Well, to say the least, we were all ears. Also, our ears perked up because we knew this name. The AHRF had interviewed Bob Joehnck several years prior and Lee’s name was mentioned many times in that interview. See it was Lee, Bob Joehnck and their friend, Hugh Simpson, who had gone to the Goleta Airport in 1947 ( with permission ) , measured out a quarter mile, raced their cars side by side on Sunday morning ( for fun ) and then took this past time and organized a public drag race event in early 1948. In other words, they established quarter mile drag racing. To say the least, this was plenty enough good reason to want to speak with Lee and document his story… and Seth Hammond knew that more than anyone.
A year or so later we attended the RPM Nationals in Santa Margarita and struck up a conversation with a guy who was running a particularly fast and historically significant flathead powered sports racer. Against some very strong competition, it was one of our favorite cars at the event. The owner/driver’s name was Rob Manson. Within minutes of speaking to Rob about the car he had brought ( one of the famed Baldwin Specials ), a now all-too-familiar name popped up … Lee Hammock. It turned out that Lee was a neighbor of Baldwin when the car was under construction in the late 1940s and it was Lee who assisted in the finishing of the build, handled the test driving and piloted the car in the 1950 Palm Springs Sports Car Races. Much like Seth, Rob began pitching the idea of the AHRF interviewing Lee and getting his story documented. Of course, we couldn’t have been more enthusiastic.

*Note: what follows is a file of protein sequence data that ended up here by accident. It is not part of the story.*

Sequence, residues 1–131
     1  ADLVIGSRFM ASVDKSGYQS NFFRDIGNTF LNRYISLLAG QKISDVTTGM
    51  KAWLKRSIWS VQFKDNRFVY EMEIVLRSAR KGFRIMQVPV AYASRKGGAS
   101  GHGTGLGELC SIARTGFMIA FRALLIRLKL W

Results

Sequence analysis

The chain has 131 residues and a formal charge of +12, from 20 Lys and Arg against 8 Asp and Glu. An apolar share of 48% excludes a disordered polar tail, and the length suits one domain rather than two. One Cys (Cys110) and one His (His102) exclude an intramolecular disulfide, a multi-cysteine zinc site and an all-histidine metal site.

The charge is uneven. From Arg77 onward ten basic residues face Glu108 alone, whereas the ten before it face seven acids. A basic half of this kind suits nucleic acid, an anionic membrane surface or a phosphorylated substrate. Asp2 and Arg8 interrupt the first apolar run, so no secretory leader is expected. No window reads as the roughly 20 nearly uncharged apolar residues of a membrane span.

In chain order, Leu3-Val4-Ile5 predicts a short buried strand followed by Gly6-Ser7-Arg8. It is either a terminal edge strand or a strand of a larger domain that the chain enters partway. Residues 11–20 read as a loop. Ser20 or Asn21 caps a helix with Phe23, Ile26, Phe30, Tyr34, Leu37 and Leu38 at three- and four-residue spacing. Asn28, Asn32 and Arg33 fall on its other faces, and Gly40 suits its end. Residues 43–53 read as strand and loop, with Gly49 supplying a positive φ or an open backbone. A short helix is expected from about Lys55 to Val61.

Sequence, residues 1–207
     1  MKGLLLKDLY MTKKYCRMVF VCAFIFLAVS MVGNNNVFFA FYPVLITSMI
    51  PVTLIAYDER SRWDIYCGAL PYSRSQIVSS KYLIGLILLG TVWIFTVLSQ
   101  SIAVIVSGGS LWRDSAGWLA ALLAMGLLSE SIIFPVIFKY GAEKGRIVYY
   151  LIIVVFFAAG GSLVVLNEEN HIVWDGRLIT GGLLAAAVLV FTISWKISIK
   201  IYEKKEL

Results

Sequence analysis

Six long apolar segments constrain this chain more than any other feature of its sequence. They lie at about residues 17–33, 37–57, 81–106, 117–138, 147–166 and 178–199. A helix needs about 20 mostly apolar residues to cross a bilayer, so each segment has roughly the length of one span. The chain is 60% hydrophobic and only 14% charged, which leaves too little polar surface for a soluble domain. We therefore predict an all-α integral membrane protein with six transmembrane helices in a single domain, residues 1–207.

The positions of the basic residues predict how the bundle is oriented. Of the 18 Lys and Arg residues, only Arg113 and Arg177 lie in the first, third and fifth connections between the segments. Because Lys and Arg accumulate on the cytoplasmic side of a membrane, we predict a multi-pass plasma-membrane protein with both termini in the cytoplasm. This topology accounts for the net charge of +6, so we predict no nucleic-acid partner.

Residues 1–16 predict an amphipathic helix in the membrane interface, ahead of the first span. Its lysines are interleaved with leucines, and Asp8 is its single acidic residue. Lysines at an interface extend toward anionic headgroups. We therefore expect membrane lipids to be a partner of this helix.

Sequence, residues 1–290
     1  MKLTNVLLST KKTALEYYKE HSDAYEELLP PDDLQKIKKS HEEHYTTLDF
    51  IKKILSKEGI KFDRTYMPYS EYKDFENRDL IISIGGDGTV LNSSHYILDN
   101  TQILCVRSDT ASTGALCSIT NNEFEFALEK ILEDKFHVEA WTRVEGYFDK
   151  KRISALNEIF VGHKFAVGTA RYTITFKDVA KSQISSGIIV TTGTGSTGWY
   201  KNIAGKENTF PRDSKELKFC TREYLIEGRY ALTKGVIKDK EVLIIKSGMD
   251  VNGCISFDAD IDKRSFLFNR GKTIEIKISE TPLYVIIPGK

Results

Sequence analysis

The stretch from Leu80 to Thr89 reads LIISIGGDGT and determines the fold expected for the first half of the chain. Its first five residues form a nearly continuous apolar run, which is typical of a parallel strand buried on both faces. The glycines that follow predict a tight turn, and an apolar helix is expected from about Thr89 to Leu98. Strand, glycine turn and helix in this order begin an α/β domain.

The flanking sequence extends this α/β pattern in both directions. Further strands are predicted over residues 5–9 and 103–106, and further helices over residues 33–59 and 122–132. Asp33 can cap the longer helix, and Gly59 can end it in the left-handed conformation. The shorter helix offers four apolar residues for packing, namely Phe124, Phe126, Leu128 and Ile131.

As we all stayed in touch about the coordinating of this project, 2020 came along and with it … a one hundred year pandemic. Although no one’s enthusiasm dimmed during this time it was clear that the close quarters of a film interview would be putting a 90 year old person in danger. And so, Lee’s interview ( and many others ) was put on hold.